Radiation oncology center underway in Elko
RBS Evolution, a provider of cancer treatment centers in rural and underserved communities, last week broke ground on a new radiation oncology center at Northeastern Nevada Regional Hospital in Elko.
The center, which is expected to come online in the early second quarter of 2015, is the first of its kind for the northeastern Nevada market. Cancer patients currently must drive to Reno or Salt Lake City for radiation and other cancer treatments, which are sometimes administered up to five times a week for several weeks at a time.
Executives at Northeastern Nevada Regional Hospital had long wanted to bring radiation and oncology services closer to home, says Hope Cripps, director of business development for NNRH, and they jumped at the offer by RBSE to develop the center. NNRH will lease the land for the center to RBS Evolution, which will own and manage the facility.
“Currently patients have to go to Salt Lake or Reno, and both drives are over three hours and that creates hardship on those patients working full time or for their families,” Cripps says. “Having this center reduces that hardship. It may not eliminate it entirely, that depends on the type of treatments, but it definitely will be impactful in reducing the need to travel and will allow patients to be treated closer to home.”
Dr. Douglas Debenham will provide care to patients of Northeaster Nevada Radiation Oncology Center. Debenham originally hails from Salt Lake City but has family ties to Elko and already relocated to the area. Debenham earned his medical degree from University of Nevada School of Medicine.
“My hope is that by adding a local cancer center, patients will be able to stay closer to home for all of their medical needs,” Debenham says.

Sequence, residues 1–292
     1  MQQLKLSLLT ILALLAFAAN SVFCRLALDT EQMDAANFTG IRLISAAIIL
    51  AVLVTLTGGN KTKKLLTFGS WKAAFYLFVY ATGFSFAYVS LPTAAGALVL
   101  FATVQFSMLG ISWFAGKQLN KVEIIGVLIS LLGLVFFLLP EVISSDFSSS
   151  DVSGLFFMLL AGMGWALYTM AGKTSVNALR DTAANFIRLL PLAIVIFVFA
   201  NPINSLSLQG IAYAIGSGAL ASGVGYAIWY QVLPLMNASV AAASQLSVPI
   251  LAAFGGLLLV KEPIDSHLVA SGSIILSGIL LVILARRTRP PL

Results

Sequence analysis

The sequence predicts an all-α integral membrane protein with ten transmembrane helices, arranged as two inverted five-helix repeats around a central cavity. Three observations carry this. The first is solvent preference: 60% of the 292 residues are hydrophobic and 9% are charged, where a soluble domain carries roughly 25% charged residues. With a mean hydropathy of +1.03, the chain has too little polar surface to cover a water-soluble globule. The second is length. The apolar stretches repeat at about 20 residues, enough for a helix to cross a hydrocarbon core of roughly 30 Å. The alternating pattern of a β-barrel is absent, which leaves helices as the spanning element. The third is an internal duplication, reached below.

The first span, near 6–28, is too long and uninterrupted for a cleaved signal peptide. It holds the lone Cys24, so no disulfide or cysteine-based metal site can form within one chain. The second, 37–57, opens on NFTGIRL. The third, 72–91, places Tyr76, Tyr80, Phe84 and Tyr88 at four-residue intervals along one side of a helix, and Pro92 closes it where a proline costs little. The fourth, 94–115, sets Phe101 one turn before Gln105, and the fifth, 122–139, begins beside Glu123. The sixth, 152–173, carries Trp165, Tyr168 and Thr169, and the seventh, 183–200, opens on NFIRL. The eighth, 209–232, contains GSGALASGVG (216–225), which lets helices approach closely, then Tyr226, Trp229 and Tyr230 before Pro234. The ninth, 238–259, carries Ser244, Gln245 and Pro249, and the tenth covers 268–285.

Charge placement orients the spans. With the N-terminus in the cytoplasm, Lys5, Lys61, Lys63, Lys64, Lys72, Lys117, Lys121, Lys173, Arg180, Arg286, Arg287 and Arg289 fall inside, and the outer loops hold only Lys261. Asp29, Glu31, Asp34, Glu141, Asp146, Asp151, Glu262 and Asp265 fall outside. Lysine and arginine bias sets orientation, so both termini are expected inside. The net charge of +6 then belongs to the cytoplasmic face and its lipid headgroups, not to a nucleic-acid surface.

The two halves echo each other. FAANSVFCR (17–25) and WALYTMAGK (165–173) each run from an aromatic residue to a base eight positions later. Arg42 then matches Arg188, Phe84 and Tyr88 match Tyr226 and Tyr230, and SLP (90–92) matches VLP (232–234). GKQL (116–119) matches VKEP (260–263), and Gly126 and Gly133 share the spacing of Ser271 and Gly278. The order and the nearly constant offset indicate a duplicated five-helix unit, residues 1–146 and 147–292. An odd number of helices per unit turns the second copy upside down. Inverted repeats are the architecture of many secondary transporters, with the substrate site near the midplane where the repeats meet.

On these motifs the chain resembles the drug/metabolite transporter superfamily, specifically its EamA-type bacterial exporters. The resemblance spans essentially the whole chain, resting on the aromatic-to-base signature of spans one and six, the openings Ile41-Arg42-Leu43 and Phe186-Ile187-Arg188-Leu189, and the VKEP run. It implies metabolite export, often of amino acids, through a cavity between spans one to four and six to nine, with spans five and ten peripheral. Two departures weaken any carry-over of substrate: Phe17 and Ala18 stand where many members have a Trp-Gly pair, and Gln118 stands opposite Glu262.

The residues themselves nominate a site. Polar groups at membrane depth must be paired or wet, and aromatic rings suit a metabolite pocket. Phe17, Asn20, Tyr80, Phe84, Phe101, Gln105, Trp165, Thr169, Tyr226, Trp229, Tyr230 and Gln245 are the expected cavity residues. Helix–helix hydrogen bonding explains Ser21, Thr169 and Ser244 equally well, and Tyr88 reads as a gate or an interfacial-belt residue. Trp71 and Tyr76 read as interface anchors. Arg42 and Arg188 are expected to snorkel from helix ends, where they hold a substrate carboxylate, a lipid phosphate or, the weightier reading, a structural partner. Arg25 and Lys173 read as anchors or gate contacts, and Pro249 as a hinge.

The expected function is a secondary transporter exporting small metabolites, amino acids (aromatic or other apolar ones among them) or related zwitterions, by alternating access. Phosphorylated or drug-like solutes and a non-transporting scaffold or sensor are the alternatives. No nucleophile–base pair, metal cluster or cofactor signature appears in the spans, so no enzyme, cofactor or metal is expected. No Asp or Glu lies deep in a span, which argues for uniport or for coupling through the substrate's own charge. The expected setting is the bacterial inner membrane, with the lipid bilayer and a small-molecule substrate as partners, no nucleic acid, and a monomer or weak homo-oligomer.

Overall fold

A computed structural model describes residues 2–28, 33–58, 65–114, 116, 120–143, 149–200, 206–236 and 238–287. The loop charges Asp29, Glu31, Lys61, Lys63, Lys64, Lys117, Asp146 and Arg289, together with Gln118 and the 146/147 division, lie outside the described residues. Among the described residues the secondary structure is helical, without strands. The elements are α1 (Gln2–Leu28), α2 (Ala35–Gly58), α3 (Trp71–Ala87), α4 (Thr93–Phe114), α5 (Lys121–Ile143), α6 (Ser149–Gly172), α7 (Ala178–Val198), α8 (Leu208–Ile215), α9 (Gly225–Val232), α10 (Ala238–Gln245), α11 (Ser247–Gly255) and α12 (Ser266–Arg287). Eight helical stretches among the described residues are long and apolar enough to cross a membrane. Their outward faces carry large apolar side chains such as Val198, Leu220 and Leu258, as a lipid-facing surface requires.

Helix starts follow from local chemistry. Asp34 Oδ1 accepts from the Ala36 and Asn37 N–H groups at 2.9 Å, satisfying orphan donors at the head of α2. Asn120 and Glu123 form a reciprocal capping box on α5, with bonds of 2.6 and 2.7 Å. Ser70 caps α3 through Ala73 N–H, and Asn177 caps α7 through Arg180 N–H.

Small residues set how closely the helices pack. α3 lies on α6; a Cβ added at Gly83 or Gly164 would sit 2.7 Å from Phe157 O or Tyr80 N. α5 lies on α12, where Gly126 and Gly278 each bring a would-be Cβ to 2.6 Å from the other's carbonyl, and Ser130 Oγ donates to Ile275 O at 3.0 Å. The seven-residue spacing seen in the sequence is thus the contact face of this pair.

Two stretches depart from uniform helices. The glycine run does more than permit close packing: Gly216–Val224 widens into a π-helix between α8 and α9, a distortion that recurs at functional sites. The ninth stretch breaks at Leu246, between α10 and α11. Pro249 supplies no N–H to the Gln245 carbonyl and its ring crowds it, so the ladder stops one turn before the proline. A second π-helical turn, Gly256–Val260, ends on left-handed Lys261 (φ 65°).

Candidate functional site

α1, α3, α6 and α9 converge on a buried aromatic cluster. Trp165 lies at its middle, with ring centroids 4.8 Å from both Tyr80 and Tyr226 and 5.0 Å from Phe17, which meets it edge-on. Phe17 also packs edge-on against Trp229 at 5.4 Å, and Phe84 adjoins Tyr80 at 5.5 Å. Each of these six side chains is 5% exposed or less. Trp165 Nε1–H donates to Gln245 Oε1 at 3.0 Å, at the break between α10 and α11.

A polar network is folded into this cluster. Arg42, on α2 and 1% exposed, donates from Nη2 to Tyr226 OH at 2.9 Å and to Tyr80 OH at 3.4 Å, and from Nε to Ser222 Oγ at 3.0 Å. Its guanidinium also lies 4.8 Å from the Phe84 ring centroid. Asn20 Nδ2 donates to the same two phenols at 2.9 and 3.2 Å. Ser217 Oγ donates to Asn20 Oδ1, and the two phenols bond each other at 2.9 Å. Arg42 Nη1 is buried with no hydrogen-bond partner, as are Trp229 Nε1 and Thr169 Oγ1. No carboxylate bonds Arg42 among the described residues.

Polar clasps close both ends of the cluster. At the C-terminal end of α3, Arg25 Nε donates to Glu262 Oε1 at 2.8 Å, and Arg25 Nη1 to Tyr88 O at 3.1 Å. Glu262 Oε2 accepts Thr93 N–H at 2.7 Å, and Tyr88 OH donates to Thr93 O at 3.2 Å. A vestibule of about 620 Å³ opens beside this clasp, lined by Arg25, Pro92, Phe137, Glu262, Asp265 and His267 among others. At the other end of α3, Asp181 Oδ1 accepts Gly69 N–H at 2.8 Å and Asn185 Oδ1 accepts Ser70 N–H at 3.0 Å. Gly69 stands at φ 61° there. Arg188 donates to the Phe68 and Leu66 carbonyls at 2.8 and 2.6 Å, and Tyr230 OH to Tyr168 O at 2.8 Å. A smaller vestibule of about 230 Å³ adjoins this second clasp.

Having the center on the campus of NNRH also allows patients easy access to the hospital’s imaging department and other services. Its’ the third such facility for RBS Evolution, which owns and manages two cancer centers in Alaska that opened in 2013.
Denise Gerlach, vice president of marketing for RBSE, says her company will split construction costs for the building with Debenham, who put northeastern Nevada on the company’s radar.
“He’s from that area and knew there was a need,” Gerlach says. “We both were looking at the same kind of niche market. Our strategy is to serve patients that aren’t being served or are having a hard time being served.”
RBE Evolution estimates between 275 and 300 patients each year travel out of the Elko area to seek radiological treatments. The center is predicted to open in April barring harsh winter conditions that stall construction — and weather could play a crucial role in building the thick concrete vault where radiation treatments are administered, Gerlach says. Construction crews can’t pour concrete for the vault in extremely cold weather since the concrete won’t cure properly.
“We are excited and we can’t wait to get started,” she says.
The center features an Electa Snyergy radiation treatment system that allows 3D imaging of treatment areas so physicians can more precisely target tumors with radiation beams.
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